Lubniewice [lubɲɛˈvʲit͡sɛ] (German: Königswalde) is a small town in Sulęcin County, Lubusz Voivodeship, western Poland, with 1,924 inhabitants (2004). It is the administrative seat of Gmina Lubniewice.


Coat of arms
Coordinates: 52°30′59″N 15°14′59″E
Country Poland
Voivodeship Lubusz
  Total12.11 km2 (4.68 sq mi)
  Density160/km2 (410/sq mi)
Time zoneUTC+1 (CET)
  Summer (DST)UTC+2 (CEST)
Postal code
Area code(s)+48 95
Car platesFSU


Middle Ages

The area formed part of Poland since the establishment of the state in the 10th century. As a result of the fragmentation of Poland, it became part of the Greater Poland province. The first mentioning of the fortress Lubnewiz (Old Polish version of the town's name) dates back to the Greater Polish duke, and future King of Poland, Przemysł II in 1287.[1] Later on, it was annexed by the Margraviate of Brandenburg. A 1322 deed referred to a nearby settlement of German colonists named Königswalde, established in the course of the Ostsiedlung at the behest of the Brandenburgian margraves. It was located close to the Imperial border with the Poznań Voivodeship of the Polish Crown in the east. In 1352 the Wittelsbach elector Louis II of Brandenburg enfeoffed his ministeriales of the Waldow noble family with the Königswalde estates. Between 1373 and 1415 it was under Bohemian (Czech) suzerainty.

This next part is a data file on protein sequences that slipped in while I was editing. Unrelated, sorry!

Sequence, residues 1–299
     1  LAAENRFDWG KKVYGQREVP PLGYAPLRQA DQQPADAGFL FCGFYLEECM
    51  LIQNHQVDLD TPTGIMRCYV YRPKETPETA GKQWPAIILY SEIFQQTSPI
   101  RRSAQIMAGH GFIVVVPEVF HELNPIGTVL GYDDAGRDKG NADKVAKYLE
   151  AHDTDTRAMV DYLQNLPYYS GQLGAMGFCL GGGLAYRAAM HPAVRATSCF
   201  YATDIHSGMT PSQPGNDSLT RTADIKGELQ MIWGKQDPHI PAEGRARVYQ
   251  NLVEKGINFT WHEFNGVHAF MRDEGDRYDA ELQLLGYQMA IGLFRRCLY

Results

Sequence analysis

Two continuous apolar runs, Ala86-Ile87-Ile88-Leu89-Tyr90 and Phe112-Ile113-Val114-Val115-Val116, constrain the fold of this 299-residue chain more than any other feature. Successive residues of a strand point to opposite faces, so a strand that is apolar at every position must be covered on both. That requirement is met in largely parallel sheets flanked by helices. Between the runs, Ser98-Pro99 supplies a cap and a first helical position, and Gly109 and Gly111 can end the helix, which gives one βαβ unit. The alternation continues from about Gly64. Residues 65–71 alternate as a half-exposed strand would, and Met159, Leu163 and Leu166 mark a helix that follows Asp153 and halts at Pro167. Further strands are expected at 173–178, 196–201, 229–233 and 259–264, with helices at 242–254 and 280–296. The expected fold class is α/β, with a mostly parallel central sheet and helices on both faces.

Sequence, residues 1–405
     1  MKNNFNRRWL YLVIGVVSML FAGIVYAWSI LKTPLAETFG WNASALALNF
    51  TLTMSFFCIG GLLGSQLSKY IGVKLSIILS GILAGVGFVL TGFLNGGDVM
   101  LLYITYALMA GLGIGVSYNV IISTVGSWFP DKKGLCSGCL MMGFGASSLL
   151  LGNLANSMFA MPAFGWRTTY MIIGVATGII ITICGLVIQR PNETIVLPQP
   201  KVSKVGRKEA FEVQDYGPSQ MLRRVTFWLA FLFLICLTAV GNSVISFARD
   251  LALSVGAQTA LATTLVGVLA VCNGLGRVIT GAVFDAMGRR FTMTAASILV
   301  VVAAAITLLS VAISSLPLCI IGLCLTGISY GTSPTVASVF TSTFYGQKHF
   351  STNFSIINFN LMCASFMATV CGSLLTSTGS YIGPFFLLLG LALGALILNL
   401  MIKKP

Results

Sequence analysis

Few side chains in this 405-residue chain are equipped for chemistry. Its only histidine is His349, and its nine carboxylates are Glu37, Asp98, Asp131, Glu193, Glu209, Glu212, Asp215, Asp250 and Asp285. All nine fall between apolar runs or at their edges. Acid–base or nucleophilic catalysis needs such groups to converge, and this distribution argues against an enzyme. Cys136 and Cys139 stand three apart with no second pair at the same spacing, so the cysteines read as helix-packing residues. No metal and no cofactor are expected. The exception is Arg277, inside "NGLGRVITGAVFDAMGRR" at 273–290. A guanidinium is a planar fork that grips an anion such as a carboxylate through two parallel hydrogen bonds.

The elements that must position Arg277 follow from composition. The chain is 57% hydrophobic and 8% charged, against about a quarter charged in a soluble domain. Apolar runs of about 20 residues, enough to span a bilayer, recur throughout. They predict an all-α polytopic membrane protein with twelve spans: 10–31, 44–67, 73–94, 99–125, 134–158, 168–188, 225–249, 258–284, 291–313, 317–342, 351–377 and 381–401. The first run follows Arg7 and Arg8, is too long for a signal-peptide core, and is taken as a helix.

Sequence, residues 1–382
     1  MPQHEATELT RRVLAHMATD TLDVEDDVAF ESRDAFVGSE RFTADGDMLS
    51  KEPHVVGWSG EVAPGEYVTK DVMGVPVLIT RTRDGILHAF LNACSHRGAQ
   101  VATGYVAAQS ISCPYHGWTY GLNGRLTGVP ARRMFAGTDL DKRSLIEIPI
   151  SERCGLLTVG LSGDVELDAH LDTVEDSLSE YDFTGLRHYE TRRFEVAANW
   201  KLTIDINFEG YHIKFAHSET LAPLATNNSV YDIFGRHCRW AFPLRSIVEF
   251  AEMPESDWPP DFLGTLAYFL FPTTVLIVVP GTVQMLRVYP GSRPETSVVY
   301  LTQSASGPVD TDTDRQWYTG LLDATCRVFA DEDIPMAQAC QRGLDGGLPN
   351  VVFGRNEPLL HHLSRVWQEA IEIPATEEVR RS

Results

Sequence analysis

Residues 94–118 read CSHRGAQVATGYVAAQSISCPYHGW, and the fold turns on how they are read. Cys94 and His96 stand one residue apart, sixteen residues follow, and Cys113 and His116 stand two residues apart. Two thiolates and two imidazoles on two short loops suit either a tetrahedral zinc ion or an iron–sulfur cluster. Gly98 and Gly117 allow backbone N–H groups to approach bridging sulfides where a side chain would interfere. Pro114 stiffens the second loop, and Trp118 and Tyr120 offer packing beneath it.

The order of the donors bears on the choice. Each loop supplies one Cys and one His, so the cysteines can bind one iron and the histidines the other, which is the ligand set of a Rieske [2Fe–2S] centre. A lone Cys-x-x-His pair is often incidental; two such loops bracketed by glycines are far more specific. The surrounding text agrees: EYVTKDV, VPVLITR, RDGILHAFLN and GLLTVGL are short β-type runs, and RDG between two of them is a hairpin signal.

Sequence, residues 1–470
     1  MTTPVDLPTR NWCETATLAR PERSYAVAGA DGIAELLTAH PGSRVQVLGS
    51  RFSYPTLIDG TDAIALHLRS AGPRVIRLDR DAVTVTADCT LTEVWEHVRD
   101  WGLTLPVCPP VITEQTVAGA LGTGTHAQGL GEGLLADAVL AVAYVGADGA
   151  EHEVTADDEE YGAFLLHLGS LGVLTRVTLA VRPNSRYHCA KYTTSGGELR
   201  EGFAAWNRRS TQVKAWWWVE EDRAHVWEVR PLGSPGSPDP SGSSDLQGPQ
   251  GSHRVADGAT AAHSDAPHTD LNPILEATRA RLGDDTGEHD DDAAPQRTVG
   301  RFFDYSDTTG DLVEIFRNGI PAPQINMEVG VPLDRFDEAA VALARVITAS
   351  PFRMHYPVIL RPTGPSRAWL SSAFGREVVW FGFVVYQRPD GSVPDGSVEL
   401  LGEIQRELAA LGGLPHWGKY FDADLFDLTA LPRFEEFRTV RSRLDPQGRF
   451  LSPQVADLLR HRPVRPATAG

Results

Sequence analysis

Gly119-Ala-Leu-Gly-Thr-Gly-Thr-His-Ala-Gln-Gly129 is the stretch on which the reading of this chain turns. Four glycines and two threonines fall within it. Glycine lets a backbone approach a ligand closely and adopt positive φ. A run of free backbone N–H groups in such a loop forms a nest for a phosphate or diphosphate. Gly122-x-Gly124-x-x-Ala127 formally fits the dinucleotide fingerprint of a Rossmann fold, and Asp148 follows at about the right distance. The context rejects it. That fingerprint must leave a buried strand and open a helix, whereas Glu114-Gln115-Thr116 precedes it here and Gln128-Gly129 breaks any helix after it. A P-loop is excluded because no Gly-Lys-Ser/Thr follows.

Modern era

From the late 17th century onwards the population increased by the immigration of Polish Brethren and Protestants from Silesia. In 1706 Samuel Crell-Spinowski became minister at the parish church. After the discovery of the alum deposits in 1751, a mine was established here, which was plundered and destroyed by the Russian army in 1758 during the Seven Years' War.[1] Königswalde received town privileges in 1808 and was incorporated into the Prussian Province of Brandenburg in 1815. From 1871 to 1945 the town was part of Germany. After World War II and the implementation of the Oder-Neisse line, the town became part of the Republic of Poland and the German population was expelled. The historic Polish name Lubniewice was restored.

Notable people


  1. "Zabytki i historia, Lubniewice". (in Polish). Retrieved July 28, 2019.

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